Number the Birds: Till by Turning Performs New Music by Erica Dicker, Matt Marble, and Katherine Young
Chamber music collective Till by Turning will debut a new quartet for violin, viola, bassoon, and piano by composer Matt Marble, as well as perform a first portion of an ongoing investigation into interactions between sound and image. The piece will be a structured improvisation for the musicians and Brock Monroe’s visual projections.
The program will also include a duo version of BiaÅ‚ystok for strings by Erica Dicker and selections from Katherine Young’s multi-movement meditation on Quartet for the End of Time, which explores Messiaen’s musical materials and time-suspending techniques, while grafting material and mundane apocalyptic suggestions onto and across his religious consciousness.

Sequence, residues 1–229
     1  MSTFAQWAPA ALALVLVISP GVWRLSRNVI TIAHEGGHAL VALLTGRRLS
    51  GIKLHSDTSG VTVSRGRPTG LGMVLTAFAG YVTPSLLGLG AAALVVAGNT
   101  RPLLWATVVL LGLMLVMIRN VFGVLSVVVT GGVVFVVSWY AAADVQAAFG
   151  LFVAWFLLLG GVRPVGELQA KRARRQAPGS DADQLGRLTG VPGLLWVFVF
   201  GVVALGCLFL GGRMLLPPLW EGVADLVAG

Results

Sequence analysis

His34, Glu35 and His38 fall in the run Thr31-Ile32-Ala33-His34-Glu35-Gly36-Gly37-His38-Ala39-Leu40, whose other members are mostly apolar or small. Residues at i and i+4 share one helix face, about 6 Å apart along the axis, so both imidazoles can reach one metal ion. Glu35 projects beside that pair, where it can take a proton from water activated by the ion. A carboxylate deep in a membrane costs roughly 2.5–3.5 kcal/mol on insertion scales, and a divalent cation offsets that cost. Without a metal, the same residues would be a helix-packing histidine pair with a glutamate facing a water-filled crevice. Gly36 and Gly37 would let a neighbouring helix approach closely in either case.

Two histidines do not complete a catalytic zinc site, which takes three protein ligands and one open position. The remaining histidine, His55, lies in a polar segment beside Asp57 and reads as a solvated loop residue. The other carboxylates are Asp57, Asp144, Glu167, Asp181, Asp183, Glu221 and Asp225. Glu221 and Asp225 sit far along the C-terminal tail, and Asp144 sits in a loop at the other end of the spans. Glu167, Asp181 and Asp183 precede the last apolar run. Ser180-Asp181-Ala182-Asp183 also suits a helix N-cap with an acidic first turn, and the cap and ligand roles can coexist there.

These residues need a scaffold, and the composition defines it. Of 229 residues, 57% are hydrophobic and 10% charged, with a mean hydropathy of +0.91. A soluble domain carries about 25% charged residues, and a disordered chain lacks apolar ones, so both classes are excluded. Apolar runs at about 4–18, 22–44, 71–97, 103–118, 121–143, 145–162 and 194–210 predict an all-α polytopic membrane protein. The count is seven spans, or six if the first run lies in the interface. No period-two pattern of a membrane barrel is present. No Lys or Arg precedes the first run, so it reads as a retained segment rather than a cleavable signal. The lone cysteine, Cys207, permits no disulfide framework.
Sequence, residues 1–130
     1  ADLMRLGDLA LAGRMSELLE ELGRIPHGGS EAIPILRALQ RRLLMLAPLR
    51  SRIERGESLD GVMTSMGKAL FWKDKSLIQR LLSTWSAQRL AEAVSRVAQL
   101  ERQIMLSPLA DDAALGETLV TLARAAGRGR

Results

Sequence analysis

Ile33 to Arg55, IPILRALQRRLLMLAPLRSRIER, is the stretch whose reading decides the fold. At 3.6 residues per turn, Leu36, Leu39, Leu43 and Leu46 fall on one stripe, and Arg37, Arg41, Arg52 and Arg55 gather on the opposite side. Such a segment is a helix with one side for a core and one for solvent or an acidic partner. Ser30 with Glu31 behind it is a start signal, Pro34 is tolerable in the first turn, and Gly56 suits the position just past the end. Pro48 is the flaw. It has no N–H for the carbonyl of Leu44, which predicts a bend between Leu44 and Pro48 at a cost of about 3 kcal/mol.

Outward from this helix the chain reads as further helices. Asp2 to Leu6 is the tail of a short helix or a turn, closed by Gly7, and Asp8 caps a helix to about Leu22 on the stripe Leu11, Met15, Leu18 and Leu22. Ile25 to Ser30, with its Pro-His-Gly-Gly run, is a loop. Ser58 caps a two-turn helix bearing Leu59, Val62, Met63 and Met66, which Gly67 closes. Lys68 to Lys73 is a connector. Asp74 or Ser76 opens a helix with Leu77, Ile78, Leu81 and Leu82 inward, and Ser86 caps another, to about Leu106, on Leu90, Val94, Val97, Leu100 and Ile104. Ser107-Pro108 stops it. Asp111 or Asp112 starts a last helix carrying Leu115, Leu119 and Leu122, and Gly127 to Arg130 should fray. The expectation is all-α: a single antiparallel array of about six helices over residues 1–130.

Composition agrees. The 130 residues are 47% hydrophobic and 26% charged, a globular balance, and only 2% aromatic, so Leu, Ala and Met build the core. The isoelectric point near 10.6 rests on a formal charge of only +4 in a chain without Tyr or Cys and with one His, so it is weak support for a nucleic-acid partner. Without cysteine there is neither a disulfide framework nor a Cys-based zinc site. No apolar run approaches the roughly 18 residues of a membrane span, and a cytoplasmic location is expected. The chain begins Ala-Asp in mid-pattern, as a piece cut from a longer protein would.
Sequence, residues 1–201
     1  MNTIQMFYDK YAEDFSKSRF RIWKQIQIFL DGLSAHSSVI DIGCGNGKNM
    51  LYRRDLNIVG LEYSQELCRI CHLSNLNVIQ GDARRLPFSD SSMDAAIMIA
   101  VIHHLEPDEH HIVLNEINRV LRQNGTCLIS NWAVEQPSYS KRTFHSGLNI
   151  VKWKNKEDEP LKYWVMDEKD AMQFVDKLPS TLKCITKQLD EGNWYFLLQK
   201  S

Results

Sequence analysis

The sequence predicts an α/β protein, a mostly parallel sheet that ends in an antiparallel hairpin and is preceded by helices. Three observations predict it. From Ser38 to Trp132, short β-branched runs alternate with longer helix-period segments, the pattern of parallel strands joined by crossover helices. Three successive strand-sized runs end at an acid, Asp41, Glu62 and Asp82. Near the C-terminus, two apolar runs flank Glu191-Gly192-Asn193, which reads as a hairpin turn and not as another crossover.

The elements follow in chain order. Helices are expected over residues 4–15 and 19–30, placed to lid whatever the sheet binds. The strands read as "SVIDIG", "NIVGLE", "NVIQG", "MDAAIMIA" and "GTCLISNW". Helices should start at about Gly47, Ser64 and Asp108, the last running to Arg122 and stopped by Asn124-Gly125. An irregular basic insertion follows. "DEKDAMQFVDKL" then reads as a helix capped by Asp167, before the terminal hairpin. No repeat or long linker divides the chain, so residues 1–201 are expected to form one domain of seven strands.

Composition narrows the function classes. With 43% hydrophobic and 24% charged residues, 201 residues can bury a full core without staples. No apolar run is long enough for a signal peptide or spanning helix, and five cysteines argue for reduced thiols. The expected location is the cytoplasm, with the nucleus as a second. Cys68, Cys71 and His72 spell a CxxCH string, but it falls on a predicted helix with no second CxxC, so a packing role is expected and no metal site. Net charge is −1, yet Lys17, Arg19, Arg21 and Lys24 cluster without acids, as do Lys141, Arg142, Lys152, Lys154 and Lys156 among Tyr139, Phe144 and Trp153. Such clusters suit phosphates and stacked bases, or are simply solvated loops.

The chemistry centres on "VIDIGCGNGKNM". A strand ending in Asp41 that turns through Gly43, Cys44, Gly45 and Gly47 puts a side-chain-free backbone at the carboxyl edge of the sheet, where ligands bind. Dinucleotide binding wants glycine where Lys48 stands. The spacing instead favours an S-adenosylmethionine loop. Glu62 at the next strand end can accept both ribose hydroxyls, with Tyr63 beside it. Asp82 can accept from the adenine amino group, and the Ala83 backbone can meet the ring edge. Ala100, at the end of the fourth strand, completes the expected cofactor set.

Till by Turning is the collective effort of Amy Cimini, Erica Dicker, Emily Manzo, and Katherine Young. Working as performers, educators, improvisers, scholars, composers, and songwriters–Till by Turning performs new chamber music by established and emerging artists. Our programming features original songs, compositions, and arrangements by our core members.
As Time Out Chicago said: “There’s an old Shaker dance number, written in 1848 by Elder Joseph Brackett, that likely serves as inspiration for…Till by Turning. It’s called ‘Simple Gifts’ and what it describes is a kind of serendipitous joy in movement through time and space: When true simplicity is gain’d / To bow and to bend we shan’t be asham’d / to turn, turn will be our delight / Till by turning, turning we come round right.”
“The group belongs to a new generation of adventurous musicians….[who] dip into the modern canon…and give breath to new works by their peers.”
Lesley Flanigan is a New York-based sound sculptor, composer, vocalist, and performer. Inspired by the physical materiality of sound, she focuses on amplification itself as the subject of her performances, which weave sound from her voice with hand-built feedback electronics. Tonight she is joined by guitarist James Moore of Dither.